Yesterday with The Futurist

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As if to illustrate my earlier criticism of The Futurist the current issue contains a brief article that illustrates some of my frustrations with it. "News in the Digital Age" is about newspapers in an online world and how they should adapt. The thrust of the story is about weblogs and whether they form "a powerful new form of amateur journalism." While I grudgingly acknowledge that this old idea is still being debated I don't expect a futurist journal to be introducing weblogs (6+ years old?) or an already hackneyed argument. The Futurist should be among the first wave of media, not the third or fourth.

One, inadequate, defensive argument would be the long lead times of a monthly print publication -- see also this issue's article on New York's waste that doesn't mention July's announcement by Mayor Bloomberg that the city's recycling programmes will be "suspended." The obvious counter is, of course, why doesn't the WFS have a weblog then?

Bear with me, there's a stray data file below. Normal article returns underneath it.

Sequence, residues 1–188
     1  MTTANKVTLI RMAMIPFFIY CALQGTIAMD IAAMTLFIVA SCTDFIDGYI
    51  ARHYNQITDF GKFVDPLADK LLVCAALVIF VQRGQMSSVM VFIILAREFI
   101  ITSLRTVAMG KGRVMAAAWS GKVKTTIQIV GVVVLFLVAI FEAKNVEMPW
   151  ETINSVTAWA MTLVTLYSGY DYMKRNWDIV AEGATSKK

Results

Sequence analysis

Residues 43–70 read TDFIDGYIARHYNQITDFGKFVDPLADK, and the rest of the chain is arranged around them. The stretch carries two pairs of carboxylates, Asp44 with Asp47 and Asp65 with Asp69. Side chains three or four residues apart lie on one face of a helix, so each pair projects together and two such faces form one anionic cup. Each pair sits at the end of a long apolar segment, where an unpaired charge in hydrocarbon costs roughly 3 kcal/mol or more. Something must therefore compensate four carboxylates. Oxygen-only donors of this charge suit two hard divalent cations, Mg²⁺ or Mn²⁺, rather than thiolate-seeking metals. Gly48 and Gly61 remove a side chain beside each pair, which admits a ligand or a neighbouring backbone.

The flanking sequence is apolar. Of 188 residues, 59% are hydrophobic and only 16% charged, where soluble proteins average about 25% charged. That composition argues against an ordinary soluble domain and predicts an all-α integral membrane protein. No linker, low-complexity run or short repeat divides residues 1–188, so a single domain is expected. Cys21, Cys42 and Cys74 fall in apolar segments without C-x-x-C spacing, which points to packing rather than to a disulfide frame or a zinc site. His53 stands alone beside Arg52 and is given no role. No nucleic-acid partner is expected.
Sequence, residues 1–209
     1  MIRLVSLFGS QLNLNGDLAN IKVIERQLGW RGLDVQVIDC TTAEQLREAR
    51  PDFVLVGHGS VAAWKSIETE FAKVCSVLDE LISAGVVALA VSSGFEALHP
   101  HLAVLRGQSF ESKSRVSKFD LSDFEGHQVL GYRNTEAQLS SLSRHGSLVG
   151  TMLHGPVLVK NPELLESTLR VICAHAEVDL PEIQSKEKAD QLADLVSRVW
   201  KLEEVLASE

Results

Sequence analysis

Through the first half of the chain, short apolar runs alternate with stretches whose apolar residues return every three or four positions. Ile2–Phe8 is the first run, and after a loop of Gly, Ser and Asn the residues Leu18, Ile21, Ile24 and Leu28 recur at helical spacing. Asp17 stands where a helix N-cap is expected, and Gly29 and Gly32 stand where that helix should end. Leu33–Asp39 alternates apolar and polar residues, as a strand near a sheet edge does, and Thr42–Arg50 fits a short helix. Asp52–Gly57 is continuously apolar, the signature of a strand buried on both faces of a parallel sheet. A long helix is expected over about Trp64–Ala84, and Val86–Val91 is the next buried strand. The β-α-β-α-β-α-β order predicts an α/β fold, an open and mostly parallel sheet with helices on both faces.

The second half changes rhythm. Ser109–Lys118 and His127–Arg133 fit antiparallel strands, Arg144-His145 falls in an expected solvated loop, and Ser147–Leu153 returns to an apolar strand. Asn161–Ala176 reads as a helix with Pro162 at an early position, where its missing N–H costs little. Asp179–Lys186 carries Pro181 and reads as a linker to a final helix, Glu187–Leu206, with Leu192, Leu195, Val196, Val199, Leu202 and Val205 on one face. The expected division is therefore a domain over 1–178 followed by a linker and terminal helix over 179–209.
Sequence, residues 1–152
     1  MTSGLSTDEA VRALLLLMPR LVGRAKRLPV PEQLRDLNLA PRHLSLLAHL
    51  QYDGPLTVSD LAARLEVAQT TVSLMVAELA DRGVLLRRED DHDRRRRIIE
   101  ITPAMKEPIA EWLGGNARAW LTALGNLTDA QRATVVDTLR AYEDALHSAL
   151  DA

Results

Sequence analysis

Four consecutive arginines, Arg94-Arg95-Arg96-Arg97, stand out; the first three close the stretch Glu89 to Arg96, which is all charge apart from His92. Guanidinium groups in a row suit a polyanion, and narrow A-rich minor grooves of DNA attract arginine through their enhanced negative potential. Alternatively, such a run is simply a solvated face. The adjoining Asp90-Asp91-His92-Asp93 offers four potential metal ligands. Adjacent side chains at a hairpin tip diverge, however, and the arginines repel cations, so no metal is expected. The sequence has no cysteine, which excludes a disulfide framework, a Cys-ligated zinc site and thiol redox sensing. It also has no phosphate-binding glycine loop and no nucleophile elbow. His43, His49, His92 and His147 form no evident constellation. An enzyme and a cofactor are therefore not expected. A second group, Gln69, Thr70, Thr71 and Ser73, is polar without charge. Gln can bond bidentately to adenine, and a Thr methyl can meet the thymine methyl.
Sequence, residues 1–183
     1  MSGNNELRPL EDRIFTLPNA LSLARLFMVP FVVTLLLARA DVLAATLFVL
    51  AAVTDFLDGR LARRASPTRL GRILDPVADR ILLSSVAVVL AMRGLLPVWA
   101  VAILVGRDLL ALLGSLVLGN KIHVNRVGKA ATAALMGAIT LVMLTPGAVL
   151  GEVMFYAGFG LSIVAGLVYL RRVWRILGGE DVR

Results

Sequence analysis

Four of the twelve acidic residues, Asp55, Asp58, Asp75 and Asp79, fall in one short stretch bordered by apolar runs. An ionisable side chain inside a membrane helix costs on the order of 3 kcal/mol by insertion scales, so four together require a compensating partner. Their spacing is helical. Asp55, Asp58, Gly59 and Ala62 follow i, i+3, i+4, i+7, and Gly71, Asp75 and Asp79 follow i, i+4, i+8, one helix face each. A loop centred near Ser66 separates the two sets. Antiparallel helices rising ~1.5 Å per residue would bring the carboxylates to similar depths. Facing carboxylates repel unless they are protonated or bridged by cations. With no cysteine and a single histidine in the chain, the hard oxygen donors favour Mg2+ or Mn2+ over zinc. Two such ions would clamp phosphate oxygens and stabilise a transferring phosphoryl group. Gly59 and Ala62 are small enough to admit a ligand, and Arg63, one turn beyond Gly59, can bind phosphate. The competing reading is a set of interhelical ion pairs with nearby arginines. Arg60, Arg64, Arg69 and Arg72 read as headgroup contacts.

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You've also mentioned the 'cringe-worthy x factor' in an earlier posting about the World Future Society -

I've been struck by it too when I've met any American (or Canadian) consultants who do futurist work.

I think the complacency comes from a very strong shared world view, which comes from only talking to certain people and ignoring large parts of the world.

It's a bit like meeting American evangelists who think they've got all aspects of sin and salvation covered, but who in fact work from a very narrow text and have closed themselves off from much of human experience.

I'm not sure to what extent this is inevitable. The future is a very large subject, so it's only possible to get a handle on it by adopting a restricted set of methods, and then forming a clique around them.

But what this has produced is a culturally-specific American futurism, which tends to be unimaginative about what people will end up doing, and often politically naive.